Wednesday, June 15, 2016

How US Counterterrorism Funds Ended Up in the Orlando Terrorist’s Pocket

Before Omar Mateen took the lives of 49 people in Orlando on June 12, he was a licensed security guard with British-based G4S, a company that rode the post-9/11 wave of counterterrorism budgets. The Florida shooting has focused critical attention on the company, which has been the subject of a number of embarrassing reports. But G4S is just a symptom of a larger problem: counterterrorism spending in the United States is generally poorly managed and monitored.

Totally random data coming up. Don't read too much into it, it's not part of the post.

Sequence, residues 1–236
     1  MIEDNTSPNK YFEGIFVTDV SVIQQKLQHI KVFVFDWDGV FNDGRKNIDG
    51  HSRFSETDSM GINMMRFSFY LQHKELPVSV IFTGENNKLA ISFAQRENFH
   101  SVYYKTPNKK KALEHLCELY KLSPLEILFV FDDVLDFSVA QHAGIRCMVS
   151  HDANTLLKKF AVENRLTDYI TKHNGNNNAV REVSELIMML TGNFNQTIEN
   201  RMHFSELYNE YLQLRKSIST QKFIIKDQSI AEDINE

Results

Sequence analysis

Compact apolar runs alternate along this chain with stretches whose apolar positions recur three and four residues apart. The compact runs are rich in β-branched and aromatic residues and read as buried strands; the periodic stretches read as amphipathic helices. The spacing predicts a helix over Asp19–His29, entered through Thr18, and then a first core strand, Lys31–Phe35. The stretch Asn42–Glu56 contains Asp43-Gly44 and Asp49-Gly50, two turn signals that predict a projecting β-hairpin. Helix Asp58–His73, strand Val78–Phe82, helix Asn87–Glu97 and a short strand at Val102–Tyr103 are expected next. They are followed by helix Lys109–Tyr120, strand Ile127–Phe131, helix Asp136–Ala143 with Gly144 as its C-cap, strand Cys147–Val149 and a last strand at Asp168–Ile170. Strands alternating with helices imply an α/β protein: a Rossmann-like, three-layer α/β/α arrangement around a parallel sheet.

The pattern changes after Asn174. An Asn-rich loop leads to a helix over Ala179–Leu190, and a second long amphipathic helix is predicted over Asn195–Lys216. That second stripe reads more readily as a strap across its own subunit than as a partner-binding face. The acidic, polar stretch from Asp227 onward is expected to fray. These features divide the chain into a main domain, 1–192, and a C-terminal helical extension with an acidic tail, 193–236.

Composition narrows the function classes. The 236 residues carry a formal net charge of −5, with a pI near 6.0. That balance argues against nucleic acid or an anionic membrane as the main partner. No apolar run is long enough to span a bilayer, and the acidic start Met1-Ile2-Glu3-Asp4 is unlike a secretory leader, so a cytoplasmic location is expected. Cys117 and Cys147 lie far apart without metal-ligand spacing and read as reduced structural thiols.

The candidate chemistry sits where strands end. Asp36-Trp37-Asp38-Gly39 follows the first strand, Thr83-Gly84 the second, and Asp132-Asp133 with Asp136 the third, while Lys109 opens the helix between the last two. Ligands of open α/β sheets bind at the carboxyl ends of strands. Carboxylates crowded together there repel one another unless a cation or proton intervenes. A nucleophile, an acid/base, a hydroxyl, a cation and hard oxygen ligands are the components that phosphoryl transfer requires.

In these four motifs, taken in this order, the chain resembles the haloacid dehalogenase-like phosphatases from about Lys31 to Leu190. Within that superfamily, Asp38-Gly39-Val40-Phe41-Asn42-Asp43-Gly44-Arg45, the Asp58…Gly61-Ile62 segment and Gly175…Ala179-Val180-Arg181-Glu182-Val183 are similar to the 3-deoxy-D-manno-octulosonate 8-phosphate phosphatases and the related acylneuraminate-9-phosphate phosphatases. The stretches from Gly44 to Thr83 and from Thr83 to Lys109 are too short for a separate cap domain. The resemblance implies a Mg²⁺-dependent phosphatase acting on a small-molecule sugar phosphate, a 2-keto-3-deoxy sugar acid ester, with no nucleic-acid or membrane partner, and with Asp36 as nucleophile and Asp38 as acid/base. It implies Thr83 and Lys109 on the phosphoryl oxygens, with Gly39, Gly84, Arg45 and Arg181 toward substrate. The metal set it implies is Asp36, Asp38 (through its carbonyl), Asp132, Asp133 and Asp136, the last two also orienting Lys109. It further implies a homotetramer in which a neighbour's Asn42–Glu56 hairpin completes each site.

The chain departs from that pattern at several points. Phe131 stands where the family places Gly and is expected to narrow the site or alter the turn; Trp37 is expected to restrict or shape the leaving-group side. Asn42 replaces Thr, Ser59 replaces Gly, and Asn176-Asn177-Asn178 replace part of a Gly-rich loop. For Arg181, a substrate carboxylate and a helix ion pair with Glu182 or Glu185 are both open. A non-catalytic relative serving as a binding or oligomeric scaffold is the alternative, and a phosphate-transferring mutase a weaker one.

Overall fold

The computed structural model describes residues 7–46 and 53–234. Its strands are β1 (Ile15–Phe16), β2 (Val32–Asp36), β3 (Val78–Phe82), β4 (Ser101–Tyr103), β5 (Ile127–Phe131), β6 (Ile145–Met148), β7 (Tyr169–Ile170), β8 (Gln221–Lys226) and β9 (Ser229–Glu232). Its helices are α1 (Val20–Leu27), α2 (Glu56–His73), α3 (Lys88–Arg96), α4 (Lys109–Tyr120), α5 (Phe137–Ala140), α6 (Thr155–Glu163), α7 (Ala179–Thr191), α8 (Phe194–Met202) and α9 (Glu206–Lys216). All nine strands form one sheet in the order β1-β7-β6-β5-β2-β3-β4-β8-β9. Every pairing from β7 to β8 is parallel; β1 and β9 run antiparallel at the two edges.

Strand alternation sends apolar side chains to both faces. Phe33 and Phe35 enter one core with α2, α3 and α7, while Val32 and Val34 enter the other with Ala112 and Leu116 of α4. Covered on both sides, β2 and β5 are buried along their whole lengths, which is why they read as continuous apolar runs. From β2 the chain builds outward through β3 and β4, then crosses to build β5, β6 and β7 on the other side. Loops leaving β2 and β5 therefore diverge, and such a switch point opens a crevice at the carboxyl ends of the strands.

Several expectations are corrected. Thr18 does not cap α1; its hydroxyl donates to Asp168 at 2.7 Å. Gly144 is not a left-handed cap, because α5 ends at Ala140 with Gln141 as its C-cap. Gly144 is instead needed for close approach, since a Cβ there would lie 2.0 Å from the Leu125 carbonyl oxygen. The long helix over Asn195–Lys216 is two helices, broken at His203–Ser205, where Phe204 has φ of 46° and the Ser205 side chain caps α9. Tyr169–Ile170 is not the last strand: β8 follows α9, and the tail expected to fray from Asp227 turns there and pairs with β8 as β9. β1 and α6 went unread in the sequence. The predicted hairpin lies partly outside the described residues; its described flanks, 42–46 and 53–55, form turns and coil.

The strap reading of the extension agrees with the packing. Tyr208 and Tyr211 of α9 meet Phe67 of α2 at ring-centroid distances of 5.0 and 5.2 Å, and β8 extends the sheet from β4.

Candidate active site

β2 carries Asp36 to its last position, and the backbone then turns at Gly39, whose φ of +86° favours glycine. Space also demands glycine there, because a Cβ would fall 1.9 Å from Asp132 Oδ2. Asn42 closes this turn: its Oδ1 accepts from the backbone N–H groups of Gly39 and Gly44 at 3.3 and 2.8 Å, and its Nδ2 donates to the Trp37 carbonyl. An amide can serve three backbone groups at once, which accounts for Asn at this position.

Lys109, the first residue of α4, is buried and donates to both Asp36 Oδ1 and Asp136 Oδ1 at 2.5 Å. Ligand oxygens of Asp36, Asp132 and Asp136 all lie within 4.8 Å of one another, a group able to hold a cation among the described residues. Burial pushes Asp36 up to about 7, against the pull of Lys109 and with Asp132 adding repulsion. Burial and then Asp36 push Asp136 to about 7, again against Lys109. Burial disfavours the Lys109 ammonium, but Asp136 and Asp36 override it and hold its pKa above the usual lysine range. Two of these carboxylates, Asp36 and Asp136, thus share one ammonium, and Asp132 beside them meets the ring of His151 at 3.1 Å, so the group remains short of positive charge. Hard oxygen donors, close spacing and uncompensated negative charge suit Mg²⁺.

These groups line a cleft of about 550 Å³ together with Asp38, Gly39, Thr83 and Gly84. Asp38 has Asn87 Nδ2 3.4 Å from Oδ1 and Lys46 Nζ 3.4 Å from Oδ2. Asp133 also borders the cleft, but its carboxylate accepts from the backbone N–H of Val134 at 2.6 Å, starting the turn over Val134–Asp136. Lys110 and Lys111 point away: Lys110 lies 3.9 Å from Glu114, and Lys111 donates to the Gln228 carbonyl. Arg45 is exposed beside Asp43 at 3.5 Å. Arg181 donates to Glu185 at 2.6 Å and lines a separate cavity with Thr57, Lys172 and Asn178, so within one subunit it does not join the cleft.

In Chasing Ghosts: The Policing of Terrorism, published in November, John Mueller and Mark Stewart argue that public anxiety about terrorism has resulted in the rapid expansion of counterterrorist programs and investments, very little of which justifies its cost. By their numbers, the United States spends roughly $115 billion per year on domestic homeland security, much of it on a variety of agencies, programs, technologies, and other efforts to disrupt or deter domestic terrorism. They write that the counterterrorism field includes at least 1,072 governmental organizations and agencies, plus some 2,000 private companies funded by U.S. tax dollars. That means lots of money for companies like G4S, which hired Mateen back in 2007.    more